‘It’s Doing My Head In’
I was asked to write about the health benefits of nature and I have to say I struggled at first in putting it together. Not because I didn’t know the health benefits but because I felt I had to write about facts on research studies. This just didn’t feel right to me. .
You see, I believe that we each instinctively know the benefits and we have our own unique experience of this. I can only speak from my experience. And yet sometimes we need scientific proof or evidence to remind us that what we believe, is true. Somehow it is becoming increasingly evident that people need proof instead of trusting what we feel and know in our bodies is true.
Anyway, I did a google search and although it was interesting, I found myself wondering why, why do we need studies? I came to the conclusion that we have moved so far away from nature over the generations that we have lost touch with it, and the knowledge that our forebears instinctively had when they lived off the land and in direct contact with nature.
I believe it is essential for our health and wellbeing that we return to fostering a closer connection to the natural world around us. Outdoor activities are now becoming better known as Eco therapy or Green therapy due to many ways nature can help improve our health.
Here are some research findings about the health benefits of nature …..for the factual ones among us
Spending time in nature has a restorative effect on human psychology, helping us recover from mental fatigue and improve our cognitive function. Nature modestly grabs our attention, and in so doing allows our brains to recover through a process called “Attention Restoration Therapy” a phrase coined by Rachel & Stephen Kaplan in their book The experience of Nature. *
Studies suggest even short periods of time in nature can reduce symptoms of depression*.
Exercise outside has greater health benefits than exercise inside or in an urban setting. It was revealed that people engaging in “green exercise” were shown to have lower blood pressure, higher self-esteem, and improved mood compared to indoor exercisers, according to the International Journal of Health research. *
Patients with views of trees in their rooms had much shorter post-operation stays than those that did not according to Dr Roger Ulrich’s study in Science*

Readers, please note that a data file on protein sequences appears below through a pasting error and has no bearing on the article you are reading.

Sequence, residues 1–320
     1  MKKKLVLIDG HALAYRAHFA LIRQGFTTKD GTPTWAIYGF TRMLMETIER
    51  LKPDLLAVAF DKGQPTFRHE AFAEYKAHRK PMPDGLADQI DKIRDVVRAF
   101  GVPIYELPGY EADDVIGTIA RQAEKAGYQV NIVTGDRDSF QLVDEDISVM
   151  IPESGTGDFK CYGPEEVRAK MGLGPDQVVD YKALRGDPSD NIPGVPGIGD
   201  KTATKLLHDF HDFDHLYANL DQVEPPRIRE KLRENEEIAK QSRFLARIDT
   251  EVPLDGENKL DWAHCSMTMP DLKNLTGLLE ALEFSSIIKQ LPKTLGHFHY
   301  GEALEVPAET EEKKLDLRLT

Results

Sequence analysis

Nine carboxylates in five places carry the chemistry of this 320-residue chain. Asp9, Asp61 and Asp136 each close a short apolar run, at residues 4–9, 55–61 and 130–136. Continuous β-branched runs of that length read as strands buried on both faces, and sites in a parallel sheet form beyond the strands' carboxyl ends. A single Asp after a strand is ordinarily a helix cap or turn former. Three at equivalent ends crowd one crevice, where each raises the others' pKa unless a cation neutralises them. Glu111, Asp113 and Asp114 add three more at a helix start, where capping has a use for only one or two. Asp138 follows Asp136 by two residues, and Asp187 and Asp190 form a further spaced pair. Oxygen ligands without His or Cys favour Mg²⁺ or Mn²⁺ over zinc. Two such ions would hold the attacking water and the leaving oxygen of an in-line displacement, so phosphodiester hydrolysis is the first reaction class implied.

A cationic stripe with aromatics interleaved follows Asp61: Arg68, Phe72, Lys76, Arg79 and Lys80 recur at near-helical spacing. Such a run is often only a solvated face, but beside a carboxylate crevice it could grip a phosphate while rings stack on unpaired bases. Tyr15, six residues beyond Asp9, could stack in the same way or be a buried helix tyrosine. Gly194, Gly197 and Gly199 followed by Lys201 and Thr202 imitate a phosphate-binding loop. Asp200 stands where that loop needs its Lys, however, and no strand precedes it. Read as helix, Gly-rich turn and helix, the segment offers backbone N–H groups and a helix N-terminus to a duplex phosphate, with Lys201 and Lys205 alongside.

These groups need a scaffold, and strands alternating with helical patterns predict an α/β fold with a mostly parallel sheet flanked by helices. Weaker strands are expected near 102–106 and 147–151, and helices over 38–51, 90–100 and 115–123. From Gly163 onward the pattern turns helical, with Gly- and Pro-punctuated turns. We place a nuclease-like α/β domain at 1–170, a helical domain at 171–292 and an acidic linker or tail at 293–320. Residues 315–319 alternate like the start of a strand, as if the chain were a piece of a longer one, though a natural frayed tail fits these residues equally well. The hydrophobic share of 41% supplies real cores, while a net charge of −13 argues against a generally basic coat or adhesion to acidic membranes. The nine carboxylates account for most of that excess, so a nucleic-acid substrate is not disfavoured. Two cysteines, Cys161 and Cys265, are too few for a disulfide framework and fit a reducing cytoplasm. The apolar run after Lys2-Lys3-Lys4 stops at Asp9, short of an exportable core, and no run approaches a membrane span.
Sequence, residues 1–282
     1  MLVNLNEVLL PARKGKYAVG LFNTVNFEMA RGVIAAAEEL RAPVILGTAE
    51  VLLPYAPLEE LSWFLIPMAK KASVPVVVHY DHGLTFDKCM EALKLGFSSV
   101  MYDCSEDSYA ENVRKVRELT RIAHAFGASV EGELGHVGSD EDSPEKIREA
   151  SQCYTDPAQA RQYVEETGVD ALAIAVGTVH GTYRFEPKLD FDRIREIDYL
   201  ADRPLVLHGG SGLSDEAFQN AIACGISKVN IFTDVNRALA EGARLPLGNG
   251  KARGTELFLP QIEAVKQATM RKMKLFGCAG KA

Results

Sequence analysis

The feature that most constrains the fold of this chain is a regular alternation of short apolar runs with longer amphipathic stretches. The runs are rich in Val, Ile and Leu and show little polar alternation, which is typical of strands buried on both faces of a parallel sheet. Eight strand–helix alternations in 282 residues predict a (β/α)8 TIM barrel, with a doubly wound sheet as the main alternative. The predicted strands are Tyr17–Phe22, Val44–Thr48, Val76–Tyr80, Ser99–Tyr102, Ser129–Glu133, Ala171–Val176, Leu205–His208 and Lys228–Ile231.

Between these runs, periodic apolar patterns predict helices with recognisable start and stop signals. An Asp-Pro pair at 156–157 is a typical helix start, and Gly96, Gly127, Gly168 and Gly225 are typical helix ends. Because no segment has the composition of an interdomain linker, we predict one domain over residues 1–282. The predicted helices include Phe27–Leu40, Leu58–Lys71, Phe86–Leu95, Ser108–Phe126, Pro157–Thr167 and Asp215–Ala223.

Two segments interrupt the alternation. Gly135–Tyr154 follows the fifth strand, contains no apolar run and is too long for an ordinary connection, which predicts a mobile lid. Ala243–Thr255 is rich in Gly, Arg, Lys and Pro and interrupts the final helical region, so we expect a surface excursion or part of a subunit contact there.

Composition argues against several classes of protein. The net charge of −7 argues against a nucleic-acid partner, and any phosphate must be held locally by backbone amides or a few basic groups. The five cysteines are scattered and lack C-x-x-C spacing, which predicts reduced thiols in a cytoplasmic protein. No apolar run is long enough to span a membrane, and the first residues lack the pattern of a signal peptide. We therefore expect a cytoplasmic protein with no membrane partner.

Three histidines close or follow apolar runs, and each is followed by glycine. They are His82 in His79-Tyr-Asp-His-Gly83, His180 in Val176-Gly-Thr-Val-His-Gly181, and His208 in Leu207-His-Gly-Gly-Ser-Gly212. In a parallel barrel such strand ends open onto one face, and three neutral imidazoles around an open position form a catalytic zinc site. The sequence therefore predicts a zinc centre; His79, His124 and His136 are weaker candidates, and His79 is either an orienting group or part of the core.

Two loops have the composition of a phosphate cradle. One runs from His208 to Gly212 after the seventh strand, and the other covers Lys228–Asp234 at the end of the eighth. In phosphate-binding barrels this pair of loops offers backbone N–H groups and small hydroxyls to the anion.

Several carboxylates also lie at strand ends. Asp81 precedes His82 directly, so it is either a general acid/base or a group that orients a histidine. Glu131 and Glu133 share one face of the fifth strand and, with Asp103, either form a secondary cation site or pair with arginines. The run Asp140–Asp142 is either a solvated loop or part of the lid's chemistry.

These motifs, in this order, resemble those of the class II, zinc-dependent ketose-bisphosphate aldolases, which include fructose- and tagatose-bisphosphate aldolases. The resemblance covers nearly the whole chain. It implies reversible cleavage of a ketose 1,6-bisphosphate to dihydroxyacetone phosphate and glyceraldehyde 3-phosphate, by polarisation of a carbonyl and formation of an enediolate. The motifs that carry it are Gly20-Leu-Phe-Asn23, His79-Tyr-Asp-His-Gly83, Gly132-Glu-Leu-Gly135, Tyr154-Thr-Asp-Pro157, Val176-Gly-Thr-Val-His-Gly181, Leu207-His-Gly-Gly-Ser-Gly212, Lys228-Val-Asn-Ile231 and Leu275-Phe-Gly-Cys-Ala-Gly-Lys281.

Access to natural light in post-operative patients reduces their use of pain medicine and their recover time. Research published in Psychosomatic Medicine. *
As we walk, bike and exercise in nature we are inclined to do more of it. Walking through a park for half an hour will make you feel happier, which in turn will make you more likely to walk again tomorrow. Spending time in nature creates a cycle of mental and physical well-being. *
Post-Traumatic Stress Disorder PTSD
Nature calms us. Nature restores us. For some of the most traumatized among us, including veterans suffering from PTSD, nature can be a critical component in their healing process. Gardening or spending time camping and fishing are all ways that veterans use nature to help ease their transition back to normal life. *
Access to trees and green spaces calm us and help to alleviate stress. A study found that Trees and green space are a major predictor of longevity, especially among people living in lower-income communities. *
Office workers with forest views showed greater job satisfaction and lower stress levels than office workers with non-forest views. *
There is an intuitive link between nature and well-being. Parks and trees, gardens and camp grounds make us more at ease. In general, the more time we spend outside in nature, the better our mental health will be. *
“A large scale study says group nature walks linked with significantly lower depression and perceived stress, enhanced mental well-being”. www.uofmhealth.org/news/archive
Mind for Mental Health facilitates eco-therapy and explains the many benefits of working with nature.
We, at Nature Benefits organise group walks and camps in nature. Walks vary in landscape and fitness levels. Our first nature camp is on October 21st to 23rd and you can find further details on our events page